Taking the "Process Approach" to RFQs in Electronics Contract Manufacturing

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The ISO 9001:2015 standard can be applied to any organization, any management system and any process. While it is generic in its application, the specific implementation can be the difference between lagging (inefficient, inconsistent) and leading (efficient, consistent) results.

The purpose of this article is to review how the process approach applies specifically to the request for quote (RFQ) process in the electronics manufacturing services (EMS) industry. For this, we will use the process approach framework of PDCA: plan, do, check and act.


In order to effectively improve any process, the first step needs to involve proper planning. This means setting objectives to meet business needs and defining the scope of the process it addresses.

For the purpose of RFQs in EMS, common objectives are:

  1. RFQ turn time: Measure how efficient the process is and how effectively the organization is able to handle fluctuations in demand
  2. Win ratio: Measure whether the output of the process is meeting customer or market needs
  3. Estimated cost variance: Measure whether the output of the RFQ process is accurate
  4. Margin: Measure whether the quoted price reflects a sustainable margin for the business to continue operating competitively

The process scope for RFQs begins when a customer submits an RFQ to their contact at the EMS company (perhaps a salesperson, program manager or other contact). It includes calculating the price to submit to the customer including materials, labor, overhead, risk and margin. And finally, it includes the conversion of the final quote into a purchase order and/or collection of feedback from customer regarding the quote.


Depending on the size of the organization and number of steps involved in your RFQ process, quoting might involve multiple people across several departments, or it could be vertically integrated into a single individual that plays multiple roles.

In either case, it is important to establish work instructions, templates, and tools to perform the RFQ function adequately. Here are some things you may wish to implement:

  1. Detailed procedures for quoting to streamline training of new team members
  2. Risk assessment template with questions to evaluate all relevant criteria
  3. Documentation standards which can be shared with the person who is requesting the quote (including BOM formatting guidelines, Gerber file format, assembly drawing requirements, etc.)
  4. Margin matrix: Turn qualitative inputs into a quantitative target margin range
  5. Labor calculation template with researched and agreed-upon standard times and labor rates for activities
  6. Glossary of common terms and phrases such as turn time, excess material, preferred supplier, available to ship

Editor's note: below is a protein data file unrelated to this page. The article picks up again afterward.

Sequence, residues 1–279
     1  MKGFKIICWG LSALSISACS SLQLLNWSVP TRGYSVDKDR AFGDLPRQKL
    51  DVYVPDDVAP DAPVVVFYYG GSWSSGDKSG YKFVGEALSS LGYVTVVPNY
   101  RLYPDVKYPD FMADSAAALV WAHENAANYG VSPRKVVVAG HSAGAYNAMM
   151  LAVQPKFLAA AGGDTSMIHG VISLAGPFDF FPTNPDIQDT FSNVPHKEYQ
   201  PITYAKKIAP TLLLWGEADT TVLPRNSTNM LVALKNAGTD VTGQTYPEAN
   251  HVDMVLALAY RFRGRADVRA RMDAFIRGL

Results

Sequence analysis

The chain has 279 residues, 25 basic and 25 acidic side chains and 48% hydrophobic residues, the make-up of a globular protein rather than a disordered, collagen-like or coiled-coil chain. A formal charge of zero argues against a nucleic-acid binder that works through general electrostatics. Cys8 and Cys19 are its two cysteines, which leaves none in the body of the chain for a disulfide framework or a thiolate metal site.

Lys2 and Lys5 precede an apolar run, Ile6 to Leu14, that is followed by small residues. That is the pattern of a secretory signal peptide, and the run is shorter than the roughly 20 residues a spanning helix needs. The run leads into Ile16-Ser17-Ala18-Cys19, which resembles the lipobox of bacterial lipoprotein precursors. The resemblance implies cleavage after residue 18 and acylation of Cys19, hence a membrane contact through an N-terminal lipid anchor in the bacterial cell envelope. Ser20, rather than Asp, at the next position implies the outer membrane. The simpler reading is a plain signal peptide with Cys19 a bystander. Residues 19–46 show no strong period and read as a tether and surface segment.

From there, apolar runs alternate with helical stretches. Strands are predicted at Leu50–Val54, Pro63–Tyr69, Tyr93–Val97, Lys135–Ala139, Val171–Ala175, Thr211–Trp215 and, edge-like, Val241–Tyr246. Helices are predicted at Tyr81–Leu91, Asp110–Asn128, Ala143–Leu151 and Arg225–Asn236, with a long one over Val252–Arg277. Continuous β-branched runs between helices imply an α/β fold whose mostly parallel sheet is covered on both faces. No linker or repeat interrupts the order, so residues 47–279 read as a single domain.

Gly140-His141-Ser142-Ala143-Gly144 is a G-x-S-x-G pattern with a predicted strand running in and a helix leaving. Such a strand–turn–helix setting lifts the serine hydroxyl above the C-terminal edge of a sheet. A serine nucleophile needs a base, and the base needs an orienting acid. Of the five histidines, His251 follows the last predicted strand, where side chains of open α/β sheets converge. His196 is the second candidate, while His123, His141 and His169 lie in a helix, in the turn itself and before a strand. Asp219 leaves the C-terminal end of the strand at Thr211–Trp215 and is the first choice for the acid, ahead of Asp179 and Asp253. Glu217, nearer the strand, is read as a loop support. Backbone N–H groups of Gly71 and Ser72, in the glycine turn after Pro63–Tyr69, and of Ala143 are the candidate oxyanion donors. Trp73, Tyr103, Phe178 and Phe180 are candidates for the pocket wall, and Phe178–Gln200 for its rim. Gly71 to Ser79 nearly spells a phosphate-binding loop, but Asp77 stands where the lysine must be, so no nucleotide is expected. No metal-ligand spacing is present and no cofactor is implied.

7. Bill of material (BOM) costing template to record quoted quantity requirements, required overages, and identification of materials at risk
  8. Quote template communicating to end-customer price and turn-time commitments along with terms and conditions
  9. Standardized RFQ template to capture relevant information from customer, including quantity, turn time, special build requirements, IPC standard, accompanying communications


Once an RFQ process has been scoped and implemented, it is important to continue monitoring the effectiveness of the process. Reviewing process performance should be built into the process definition and not treated as an ad-hoc activity. Here are a few ways you can do that:

  1. Schedule periodic reviews to go over key metrics, manage exceptions and load-balance resources and respond to changing forecast of RFQ activity
  2. Create alerts or escalations to notify the appropriate stakeholders the status of key metrics and challenges
  3. Benchmark against goals and historical performance to understand the progress of your process
  4. Regularly solicit input from key stakeholders on opportunities for improvement


Based on metrics, exceptions and escalations, it may be necessary to make modifications to the process. A few things to consider when making updates to a process:

  1. Record the changes in all accompanying documentation, including training materials and forms
  2. Be especially diligent in monitoring performance metrics after a process change to identify whether the change positively impacts business requirements
  3. Ensure that the process change and the reason behind the process change are communicated to all stakeholders

Setting standards and implementing systematic processes can save companies time, provide consistency, and establish metrics to measure your continuous improvement. By expanding your implementation of the new ISO 9001 standard into the RFQ process, you'll save time and win more of the right business.

This article was originally published in the February 2017 issue of SMT Magazine.


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